Her death, at St. Luke's-Roosevelt Hospital Center, was from lung cancer, her agent, Marek Milewicz, said.

Though images like Ms. Turbeville's — which might include pale, haunted-eyed models in derelict buildings — are practically de rigueur in fashion photography today, they were almost beyond contemplation when she began her work in the early 1970s. She was the only woman, and the only American, in the triumvirate (the others were Helmut Newton and Guy Bourdin) that by wide critical consensus changed fashion photography from sedate to shocking.

Ms. Turbeville, who began her career editing fashion magazines, became famous, Women's Wear Daily wrote in 2009, "for transforming fashion photography into avant-garde art" — a distinction all the more striking in that she was almost completely self-taught.

Her photographs appeared in magazines like Vogue, Harper's Bazaar and Mirabella; in newspapers including The New York Times; in advertisements for clients like Ralph Lauren, Bruno Magli, Nike, Macy's and Bloomingdale's; in exhibitions worldwide; and in books, including "Unseen Versailles" (1981), a collection of her photos of the hidden, dusty spaces underpinning Louis XIV's grand palace.

"Fashion takes itself more seriously than I do," Ms. Turbeville told The New Yorker in 2011. "I'm not really a fashion photographer."

In mid-20th-century America, fashion photography was about precisely that: fashion. The clothes, vividly lighted, were front and center, with the models chosen for their well-scrubbed, patrician femininity. They looked, as often as not, as if they had just come from tennis at the country club, though reassuringly free of sweat.

Ms. Turbeville's photos, by contrast, were unsettling, and they were meant to be. In her fashion work, clothes are almost beside the point. In some images the outfits are barely visible; the same is often true of the models, resulting in an elegiac landscape defined more by absence than by presence.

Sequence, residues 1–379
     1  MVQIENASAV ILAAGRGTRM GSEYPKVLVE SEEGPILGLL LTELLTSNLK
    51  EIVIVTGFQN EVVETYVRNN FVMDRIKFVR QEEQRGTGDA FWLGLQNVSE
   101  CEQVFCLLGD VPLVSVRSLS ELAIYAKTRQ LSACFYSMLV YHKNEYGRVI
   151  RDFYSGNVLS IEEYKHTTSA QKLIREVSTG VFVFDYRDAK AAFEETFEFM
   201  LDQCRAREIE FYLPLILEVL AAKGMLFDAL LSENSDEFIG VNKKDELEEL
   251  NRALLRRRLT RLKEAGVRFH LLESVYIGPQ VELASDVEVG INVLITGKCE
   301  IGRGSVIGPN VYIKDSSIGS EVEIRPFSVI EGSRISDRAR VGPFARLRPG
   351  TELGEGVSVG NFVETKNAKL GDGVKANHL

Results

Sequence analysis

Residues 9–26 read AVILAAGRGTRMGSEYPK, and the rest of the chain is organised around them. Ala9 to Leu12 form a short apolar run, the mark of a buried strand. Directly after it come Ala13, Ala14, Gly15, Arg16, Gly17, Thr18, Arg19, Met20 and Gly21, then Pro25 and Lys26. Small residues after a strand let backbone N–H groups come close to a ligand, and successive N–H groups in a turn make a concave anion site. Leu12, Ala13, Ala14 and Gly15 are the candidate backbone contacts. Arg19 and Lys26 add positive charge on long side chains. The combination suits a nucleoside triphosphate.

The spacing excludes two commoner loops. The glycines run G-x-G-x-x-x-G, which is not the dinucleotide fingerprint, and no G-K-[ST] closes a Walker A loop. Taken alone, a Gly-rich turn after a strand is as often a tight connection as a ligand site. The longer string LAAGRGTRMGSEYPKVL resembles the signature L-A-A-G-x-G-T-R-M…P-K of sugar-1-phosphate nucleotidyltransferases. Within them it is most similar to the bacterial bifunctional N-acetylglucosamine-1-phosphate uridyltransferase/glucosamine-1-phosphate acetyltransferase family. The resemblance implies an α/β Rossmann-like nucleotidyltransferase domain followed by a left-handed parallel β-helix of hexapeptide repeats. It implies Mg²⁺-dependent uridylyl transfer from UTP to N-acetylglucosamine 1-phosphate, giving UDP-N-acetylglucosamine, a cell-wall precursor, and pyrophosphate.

In a de facto commentary on fashion's manipulation of women, Ms. Turbeville literally manipulated her negatives — scratching them, tearing them, scattering dust on them and otherwise distressing them — to make the finished images redolent of decay. She employed faded color, black-and-white and sepia tones; prints were often deliberately overexposed, rendering her subjects spectral.

The settings were as striking as the subjects. Ms. Turbeville's photos are awash in ruin: she favored places like grimy, deserted streets, abandoned warehouses and, in the image that nearly 40 years ago horrified the public and cemented her reputation, a decrepit New York bathhouse.

"I can't deny that I design the background," Ms. Turbeville told The Times in 1977. "A woman in my pictures doesn't just sit there. In what kind of mood would a woman be, wearing whatever? I go into a woman's private world, where you never go."

By the late 1970s, articles on photography had begun to refer to "the Deborah Turbeville look," which, as The New York Times described it in 1977, was "not the kind that mother used to admire in Vogue."

Unlike other world-renowned fashion photographers, Ms. Turbeville rarely shot the famous, though when she did the results could be startling. In a portrait of Julia Roberts published in The Times Magazine in 2004, Ms. Roberts looks so expressively solemn as to appear on the verge of tears.

For the viewer, the net effect of Ms. Turbeville's work is one of dreamlike, melancholy beauty. Her images exude an almost palpable sense of longing, with questions about the woeful women they depict — Who are they? Why are they so sad? — hanging unanswered in the air.

Her barren settings leave abundant room for loneliness and loss, and the dissolution they contain is a constant reminder of the passage of time. ("I like to hear a clock ticking in my pictures," Ms. Turbeville once said.) Her photos seem to depict small, once exquisite worlds that, by the time she clicks the shutter, have already evanesced.

Deborah Lou Turbeville was born in Stoneham, Mass., on July 6, 1932. (Many sources give the year erroneously as 1937 or 1938.) As a young woman she moved to New York, where she was an assistant and sample model to the noted fashion designer Claire McCardell. Afterward, she held editorial positions at Harper's Bazaar and Mademoiselle, though she deplored the work.